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The Week That Was: The Big Stories in Indian Country, December 4, 2016

The Week That Was leading up to December 4, 2016 saw winter descend on DAPL, eviction orders issued to camp, and mounting pressure on Obama.
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DAPL outrage erupted, the post-election drama unspooled, and pipeline kerfuffles were on the horizon north of the 49th Parallel this past Week That Was in Indian country.

PRESSURE MOUNTS: Pressure against the federal government to intervene and stop the Dakota Access Pipeline (DAPL) mounted as outrage grew over the paramilitary-style measures taken against water protectors. U.S. Representatives Raúl M. Grijalva (D-AZ) and Jared Huffman (D-CA) demanded a meeting with President Barack Obama over the November 20 onslaught against water protectors with rubber bullets, ice cold water in sub-freezing temperatures and other dangerous measures. As severe winter weather descended upon central and eastern North Dakota, water protectors filed a lawsuit for alleged use of excessive force by police in demonstrations against the Dakota Access Pipeline (DAPL). Meanwhile the U.S. Army Corps of Engineers said it would not forcibly remove residents of the Oceti Sakowin Camp, even as North Dakota Governor Jack Dalrymple issued an executive order mandating the camp’s immediate evacuation, ostensibly due to the inclement weather. Health professionals add their voices to the crescendo of expert opinions in support of the water protectors at Standing Rock as organizations of doctors and psychiatrists expressed concern for everything from water quality to the potential psychological effects of the militarized police response to the demonstrations. With a December 5 departure deadline looming over the camp, Seattle City Council Member Debora Juarez, Blackfeet, expressed trepidation about the potential for violence. Activist and maverick John Bolenbaugh, known for his opposition to Enbridge Inc.’s handling of a Michigan crude spill in 2010, came to Standing Rock to lend support.

Also lending support were various members of the artistic community. Iconic rocker and political activist Neil Young and his partner, actress Daryl Hannah, posted a statement about the situation at Standing Rock, the inaccuracies of history regarding Native Americans and Young’s visit to the camp. They too asked Obama to put a stop to the police response. Across the “Pond,” musicians Sihasin (Jeneda and Clayson Benally, formerly of Blackfire) and 25-year-old hip-hop artist and filmmaker Nataanii Means brought awareness to the situation in Standing Rock to Paris with a performance at the Indigenous Peoples day organized by CSIA-Nitassinan in Paris. The Diné artist Remy brought the NoDAPL conflict into his work to address “historical colonial violence.” In addition, the Roc Your Mocs celebration this year had many entries inspired by the Dakota Access Pipeline water protectors. Celebrities continued to show up, and this week it was Rhys Coiro, who has appeared in Entourage and Graceland. Coiro made a surprise visit to the camps on Thanksgiving and delivered $4,000 in support money.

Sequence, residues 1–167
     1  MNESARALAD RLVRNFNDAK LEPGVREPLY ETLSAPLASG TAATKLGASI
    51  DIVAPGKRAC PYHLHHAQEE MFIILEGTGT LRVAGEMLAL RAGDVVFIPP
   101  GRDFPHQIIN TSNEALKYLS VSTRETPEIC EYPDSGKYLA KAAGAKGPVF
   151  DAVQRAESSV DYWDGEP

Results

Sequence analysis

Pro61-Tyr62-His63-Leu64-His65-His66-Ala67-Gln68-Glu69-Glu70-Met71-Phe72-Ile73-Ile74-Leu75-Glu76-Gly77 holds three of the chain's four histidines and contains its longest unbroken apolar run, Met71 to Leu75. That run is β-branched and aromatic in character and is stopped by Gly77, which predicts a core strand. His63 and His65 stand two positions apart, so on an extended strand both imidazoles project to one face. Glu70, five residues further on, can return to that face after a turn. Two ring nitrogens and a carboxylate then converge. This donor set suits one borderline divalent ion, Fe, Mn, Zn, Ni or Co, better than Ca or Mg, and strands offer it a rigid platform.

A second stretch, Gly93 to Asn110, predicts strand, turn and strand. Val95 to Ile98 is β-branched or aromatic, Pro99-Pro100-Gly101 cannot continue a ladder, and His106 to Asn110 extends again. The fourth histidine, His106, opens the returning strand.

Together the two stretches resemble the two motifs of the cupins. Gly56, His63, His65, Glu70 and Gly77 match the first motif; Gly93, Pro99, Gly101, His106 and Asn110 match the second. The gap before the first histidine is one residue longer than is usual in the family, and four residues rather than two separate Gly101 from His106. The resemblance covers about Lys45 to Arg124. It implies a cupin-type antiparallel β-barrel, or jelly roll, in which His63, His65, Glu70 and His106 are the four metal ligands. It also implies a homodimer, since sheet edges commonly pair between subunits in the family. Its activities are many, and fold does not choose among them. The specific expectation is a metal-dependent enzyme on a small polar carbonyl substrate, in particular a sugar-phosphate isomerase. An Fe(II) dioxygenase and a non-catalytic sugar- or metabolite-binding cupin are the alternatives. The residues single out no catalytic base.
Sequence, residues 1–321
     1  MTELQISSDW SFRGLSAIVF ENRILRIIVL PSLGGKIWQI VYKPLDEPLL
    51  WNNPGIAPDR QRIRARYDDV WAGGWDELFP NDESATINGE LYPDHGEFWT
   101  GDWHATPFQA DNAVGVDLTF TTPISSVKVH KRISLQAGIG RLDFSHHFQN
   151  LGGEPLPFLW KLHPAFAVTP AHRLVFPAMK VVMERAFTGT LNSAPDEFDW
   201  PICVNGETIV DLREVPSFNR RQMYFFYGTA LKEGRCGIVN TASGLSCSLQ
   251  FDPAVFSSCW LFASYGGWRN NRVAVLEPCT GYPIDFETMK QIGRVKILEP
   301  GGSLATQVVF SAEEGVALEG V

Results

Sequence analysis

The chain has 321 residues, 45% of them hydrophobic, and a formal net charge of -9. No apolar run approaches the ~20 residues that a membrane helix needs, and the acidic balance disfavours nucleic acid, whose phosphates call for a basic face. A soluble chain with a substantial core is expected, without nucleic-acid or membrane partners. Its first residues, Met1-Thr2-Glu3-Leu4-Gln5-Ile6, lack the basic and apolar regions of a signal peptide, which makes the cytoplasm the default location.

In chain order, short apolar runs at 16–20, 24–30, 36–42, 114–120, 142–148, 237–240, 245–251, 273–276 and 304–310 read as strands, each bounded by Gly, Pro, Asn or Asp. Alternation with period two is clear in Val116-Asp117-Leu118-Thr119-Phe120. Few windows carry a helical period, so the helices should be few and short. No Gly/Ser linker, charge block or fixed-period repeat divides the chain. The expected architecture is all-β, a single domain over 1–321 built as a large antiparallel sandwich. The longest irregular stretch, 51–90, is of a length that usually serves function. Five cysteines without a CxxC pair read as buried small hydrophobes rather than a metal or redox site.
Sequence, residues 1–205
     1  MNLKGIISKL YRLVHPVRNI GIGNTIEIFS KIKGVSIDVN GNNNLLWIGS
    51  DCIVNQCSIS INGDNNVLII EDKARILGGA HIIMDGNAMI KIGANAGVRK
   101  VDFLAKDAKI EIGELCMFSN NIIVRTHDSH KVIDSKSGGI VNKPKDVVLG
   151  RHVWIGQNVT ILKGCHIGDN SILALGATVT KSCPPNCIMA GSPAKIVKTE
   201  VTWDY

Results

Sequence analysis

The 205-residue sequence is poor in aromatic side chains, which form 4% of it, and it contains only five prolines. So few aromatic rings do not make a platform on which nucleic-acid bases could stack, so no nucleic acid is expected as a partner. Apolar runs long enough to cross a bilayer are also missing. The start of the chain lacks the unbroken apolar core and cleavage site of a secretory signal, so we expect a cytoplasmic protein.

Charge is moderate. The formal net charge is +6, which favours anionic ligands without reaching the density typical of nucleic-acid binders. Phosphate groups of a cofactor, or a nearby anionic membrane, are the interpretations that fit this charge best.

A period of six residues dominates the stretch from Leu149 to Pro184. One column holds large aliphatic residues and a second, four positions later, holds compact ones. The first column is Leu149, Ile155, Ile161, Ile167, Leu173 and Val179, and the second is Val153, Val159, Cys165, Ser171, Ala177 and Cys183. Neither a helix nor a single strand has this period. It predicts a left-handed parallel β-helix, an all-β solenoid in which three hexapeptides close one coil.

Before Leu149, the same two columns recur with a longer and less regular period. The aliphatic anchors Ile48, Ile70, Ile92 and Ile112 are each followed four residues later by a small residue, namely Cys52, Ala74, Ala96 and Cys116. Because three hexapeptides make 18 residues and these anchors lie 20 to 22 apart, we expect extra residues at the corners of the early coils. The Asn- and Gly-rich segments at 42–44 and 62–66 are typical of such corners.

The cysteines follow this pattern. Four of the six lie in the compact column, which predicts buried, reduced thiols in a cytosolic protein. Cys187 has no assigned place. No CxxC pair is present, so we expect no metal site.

ELECTION ODDS & ENDS: Washington State Sen. John McCoy, Tulalip Tribes, was elected chairman of the state Senate’s Democratic Caucus for 2016-17. Democrats also elected Sen. Marko Liias of Lynwood, a Seattle suburb, as floor leader. Looking ahead, a Native think tank in the Northwest began planning for 2018. The Oglala Lakota Tribe elected Scott Weston as its new chairman.

GET YOUR STORYTELLING ON: Two major arts programs are offering opportunities to showcase playwrights, reported Peter D’Errico. The 2nd Annual Yale Young Native Storytellers Contest, sponsored by the Yale Indigenous Performing Arts Program, and the Oklahoma City Theatre Company’s eighth annual Native American New Play Festival are looking for applicants, with a deadline of December 31.

NOT MY HERITAGE: A proposal by the conservative California Missions Foundation to make El Camino Real a UNESCO Heritage Site ran into roadblocks from Natives who feel that the group does not adequately represent the true history of the region. Originally, California’s main thoroughfares were indigenous pathways.

PIPELINE PROTESTS IN CANADA: First Nations in Canada have been casting a wary eye on the DAPL situation as they gear up to push back against similar developments in British Columbia. It was a day of mixed feelings after Prime Minister Justin Trudeau rejected Enbridge’s Northern Gateway Pipeline but approved its Line 3 (L3RP) replacement project from Alberta to Wisconsin, as well as the controversial Kinder Morgan pipeline expansion in Vancouver.

ARSON MYSTERY SOLVED: The ongoing mystery behind a series of fires in 2012 targeting the practice of traditional Ojibwe religion on the Lac Courte Oreilles Reservation may finally be on the way to resolution. Christopher A. Grover, 42 a member of the Lac Courte Oreilles tribe in Wisconsin was charged with nine felony counts of arson and six of criminal fire damage in the July 14, 2012 fires that destroyed religious structures, a home and several other structures on the LCO reservation.

HONORING FALLEN INNOCENTS: California marked the heartbreaking one-year anniversary of December 2, 2015, when 14 people were gunned down at a holiday party by a colleague and his wife. In tribute to the lives lost, the San Manuel Band of Mission Indians is lighting up its famed Arrowhead monument for 14 nights.